- Terraform module dependency: Another important update in this version was the introduction of “depends_on” for modules. This means that we can define the dependency of one module on another. When we say that a module “A” is dependent on another module “B,” then we ensure that all the changes to the module resources of “A” are applied only after the resources of “B” are deployed. Find out more about the usage by reading our blog on Terraform templates.
- Installation of Providers: Automatic installation of your providers was enabled. If your provider is part of the main public registry of the Hashicorp namespace, then the provider does not need the “source” argument to be defined in the “required_providers” block. If not then, the “source” field will have to be defined with the source address under the “required_providers” block.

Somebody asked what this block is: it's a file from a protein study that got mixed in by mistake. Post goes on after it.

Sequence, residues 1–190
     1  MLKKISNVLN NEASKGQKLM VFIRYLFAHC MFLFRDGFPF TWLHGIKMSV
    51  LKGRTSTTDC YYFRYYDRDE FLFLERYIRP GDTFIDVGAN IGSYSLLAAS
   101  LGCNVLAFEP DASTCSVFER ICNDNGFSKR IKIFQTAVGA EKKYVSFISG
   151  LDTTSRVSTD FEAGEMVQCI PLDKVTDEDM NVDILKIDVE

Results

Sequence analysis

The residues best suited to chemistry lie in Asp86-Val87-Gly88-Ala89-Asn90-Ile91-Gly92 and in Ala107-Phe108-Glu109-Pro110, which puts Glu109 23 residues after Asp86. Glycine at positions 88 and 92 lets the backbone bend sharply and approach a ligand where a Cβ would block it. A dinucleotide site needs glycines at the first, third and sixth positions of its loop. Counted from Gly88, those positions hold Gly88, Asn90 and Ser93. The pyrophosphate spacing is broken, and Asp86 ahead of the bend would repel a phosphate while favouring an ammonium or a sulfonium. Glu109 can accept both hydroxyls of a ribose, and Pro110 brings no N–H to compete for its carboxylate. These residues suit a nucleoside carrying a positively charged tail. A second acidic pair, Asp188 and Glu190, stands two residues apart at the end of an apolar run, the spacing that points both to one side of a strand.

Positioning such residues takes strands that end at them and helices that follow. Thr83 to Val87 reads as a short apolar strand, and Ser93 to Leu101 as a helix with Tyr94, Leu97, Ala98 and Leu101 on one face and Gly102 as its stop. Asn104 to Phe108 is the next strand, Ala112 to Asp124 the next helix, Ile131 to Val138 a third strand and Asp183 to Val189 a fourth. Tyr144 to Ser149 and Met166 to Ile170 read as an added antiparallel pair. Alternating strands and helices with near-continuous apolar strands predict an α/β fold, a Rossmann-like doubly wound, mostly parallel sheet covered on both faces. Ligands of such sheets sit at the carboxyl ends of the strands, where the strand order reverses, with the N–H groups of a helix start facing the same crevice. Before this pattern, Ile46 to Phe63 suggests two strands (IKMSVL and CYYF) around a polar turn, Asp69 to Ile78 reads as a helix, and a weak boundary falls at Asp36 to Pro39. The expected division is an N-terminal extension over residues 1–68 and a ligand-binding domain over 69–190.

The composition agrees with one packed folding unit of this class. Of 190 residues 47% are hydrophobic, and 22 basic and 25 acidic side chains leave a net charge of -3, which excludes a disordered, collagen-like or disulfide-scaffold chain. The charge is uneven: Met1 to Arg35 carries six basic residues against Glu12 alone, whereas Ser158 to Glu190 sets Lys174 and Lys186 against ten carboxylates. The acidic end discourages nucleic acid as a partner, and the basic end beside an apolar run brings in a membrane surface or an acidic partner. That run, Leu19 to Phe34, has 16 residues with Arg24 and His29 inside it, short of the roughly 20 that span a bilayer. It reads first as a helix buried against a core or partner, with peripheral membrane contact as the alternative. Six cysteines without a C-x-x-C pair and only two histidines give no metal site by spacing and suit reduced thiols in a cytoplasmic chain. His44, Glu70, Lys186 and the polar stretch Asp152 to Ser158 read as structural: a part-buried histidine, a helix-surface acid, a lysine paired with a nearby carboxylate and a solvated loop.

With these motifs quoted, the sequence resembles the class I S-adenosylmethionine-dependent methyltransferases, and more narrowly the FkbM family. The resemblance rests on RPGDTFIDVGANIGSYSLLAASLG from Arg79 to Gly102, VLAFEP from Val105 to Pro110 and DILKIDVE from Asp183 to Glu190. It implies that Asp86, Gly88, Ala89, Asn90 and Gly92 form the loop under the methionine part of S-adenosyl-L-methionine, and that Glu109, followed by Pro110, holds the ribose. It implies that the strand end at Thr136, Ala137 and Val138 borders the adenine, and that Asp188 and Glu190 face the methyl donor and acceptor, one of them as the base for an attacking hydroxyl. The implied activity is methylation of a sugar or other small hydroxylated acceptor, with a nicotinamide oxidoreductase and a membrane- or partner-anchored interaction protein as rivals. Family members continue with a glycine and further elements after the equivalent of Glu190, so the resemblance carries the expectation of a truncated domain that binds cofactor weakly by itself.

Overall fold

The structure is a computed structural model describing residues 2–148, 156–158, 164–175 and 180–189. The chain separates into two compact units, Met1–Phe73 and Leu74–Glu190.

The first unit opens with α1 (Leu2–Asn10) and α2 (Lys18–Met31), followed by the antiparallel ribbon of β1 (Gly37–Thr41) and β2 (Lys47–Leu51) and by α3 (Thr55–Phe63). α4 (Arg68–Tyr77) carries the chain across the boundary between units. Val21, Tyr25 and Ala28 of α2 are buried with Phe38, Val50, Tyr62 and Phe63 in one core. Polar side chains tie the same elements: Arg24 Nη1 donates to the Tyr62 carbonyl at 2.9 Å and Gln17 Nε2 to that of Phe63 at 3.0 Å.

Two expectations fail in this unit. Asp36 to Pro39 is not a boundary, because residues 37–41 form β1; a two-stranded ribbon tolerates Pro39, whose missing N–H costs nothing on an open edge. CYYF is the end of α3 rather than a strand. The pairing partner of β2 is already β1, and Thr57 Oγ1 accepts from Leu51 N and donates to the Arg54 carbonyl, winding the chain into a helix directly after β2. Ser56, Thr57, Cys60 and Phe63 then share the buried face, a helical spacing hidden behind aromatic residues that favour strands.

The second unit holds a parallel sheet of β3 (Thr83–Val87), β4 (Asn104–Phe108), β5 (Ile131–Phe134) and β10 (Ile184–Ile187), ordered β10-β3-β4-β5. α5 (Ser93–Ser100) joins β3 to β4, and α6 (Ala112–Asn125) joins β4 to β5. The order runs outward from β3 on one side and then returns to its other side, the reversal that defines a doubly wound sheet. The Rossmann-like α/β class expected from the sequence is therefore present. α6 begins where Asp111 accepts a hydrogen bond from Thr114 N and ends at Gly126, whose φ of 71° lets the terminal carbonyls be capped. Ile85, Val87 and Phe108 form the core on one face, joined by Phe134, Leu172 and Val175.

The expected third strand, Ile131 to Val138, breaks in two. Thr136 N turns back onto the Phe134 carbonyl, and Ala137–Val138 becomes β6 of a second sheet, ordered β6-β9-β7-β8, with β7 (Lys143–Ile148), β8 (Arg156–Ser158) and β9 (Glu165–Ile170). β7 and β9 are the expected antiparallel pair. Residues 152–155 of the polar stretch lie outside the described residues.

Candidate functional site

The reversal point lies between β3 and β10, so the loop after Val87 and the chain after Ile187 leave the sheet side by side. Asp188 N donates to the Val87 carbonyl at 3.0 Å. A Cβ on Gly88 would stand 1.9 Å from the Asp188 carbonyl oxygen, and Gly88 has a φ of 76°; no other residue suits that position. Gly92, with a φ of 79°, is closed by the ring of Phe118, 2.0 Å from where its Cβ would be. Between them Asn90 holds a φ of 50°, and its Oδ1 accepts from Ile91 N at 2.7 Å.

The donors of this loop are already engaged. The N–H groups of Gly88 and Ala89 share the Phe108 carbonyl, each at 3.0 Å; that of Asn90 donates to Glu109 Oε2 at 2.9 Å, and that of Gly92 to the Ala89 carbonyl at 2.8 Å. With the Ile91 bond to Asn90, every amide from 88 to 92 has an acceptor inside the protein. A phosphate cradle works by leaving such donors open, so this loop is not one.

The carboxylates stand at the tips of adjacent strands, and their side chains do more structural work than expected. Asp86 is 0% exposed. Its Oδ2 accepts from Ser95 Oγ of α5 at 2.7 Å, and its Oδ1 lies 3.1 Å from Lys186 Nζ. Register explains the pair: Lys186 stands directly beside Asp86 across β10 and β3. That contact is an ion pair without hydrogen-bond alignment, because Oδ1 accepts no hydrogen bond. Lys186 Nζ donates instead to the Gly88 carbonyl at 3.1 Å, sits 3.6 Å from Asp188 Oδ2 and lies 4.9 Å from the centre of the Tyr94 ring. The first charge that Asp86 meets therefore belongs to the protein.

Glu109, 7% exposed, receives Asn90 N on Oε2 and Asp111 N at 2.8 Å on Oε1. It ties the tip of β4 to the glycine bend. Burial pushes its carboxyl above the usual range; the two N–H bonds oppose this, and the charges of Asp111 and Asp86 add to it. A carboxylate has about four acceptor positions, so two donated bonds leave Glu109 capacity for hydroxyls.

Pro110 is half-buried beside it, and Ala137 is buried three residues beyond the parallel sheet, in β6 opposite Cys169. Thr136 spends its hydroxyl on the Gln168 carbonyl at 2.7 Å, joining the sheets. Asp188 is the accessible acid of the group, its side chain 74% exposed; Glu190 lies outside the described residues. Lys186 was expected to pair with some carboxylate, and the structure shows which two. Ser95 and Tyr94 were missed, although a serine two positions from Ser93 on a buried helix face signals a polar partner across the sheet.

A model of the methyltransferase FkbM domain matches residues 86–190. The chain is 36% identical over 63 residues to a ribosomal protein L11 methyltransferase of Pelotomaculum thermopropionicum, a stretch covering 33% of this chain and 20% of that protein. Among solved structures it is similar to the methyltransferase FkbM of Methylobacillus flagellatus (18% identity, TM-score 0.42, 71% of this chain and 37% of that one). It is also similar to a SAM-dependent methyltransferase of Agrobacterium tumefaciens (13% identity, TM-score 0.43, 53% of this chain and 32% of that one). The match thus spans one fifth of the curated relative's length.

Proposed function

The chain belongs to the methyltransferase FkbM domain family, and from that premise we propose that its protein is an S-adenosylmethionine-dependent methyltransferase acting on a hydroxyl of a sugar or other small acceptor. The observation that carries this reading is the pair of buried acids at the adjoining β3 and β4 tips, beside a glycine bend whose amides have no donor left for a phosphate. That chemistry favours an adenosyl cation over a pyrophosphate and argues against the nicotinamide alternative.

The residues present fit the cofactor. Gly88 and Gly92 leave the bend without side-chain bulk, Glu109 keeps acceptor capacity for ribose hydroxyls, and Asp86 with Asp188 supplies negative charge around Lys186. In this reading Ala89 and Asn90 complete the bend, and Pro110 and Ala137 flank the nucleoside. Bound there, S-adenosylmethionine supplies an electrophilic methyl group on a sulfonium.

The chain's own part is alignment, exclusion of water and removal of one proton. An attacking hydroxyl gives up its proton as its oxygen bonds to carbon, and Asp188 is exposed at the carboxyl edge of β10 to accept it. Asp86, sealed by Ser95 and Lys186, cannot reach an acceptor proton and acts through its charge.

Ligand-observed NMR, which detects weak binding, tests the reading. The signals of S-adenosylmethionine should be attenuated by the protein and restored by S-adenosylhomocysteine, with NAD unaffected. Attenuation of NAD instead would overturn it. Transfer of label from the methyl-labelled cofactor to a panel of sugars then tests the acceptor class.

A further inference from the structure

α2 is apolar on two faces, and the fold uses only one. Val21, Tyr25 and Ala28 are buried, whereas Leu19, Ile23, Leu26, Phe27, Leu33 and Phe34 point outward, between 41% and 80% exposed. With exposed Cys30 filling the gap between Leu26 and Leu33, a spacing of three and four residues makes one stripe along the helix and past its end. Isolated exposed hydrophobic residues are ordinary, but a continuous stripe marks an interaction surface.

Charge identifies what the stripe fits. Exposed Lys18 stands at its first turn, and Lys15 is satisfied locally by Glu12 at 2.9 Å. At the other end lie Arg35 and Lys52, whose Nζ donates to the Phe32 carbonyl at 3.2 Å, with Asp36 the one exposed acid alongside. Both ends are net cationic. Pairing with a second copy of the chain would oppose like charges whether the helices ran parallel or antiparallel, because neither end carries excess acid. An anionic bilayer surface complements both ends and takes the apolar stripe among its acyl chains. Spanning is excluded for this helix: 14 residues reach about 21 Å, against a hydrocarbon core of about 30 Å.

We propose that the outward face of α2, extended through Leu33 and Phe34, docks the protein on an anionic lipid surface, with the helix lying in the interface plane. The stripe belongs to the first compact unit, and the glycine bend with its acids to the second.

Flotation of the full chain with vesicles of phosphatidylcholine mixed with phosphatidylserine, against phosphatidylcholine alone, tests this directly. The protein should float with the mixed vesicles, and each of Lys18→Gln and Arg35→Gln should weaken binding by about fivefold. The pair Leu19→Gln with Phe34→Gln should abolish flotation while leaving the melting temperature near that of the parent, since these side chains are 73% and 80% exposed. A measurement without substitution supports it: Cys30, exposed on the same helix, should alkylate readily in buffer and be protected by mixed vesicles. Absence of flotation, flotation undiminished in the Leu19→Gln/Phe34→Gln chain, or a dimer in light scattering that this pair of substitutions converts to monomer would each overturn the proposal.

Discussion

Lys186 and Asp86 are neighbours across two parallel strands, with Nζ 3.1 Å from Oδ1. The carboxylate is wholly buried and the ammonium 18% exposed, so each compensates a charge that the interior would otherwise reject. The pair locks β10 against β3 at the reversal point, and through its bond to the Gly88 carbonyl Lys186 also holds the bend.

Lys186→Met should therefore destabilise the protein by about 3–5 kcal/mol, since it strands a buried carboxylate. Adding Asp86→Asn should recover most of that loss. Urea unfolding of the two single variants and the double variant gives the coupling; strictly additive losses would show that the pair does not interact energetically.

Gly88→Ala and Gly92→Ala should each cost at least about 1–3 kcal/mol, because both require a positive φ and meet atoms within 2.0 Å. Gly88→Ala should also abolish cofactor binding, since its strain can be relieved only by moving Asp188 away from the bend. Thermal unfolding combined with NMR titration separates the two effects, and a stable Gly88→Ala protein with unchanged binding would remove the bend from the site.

- Custom Validation: Remember we talked about the custom validation for input variables in our blog on Terraform variables? The custom validation was included in this version and has been beneficial for everyone.
- One required_providers block per module: Previously multiple “required_providers” blocks were allowed in every module. But, this was removed and the restriction of only one “required_providers” per module was introduced. This is to ensure that you don’t confuse the resources of various providers in your definition.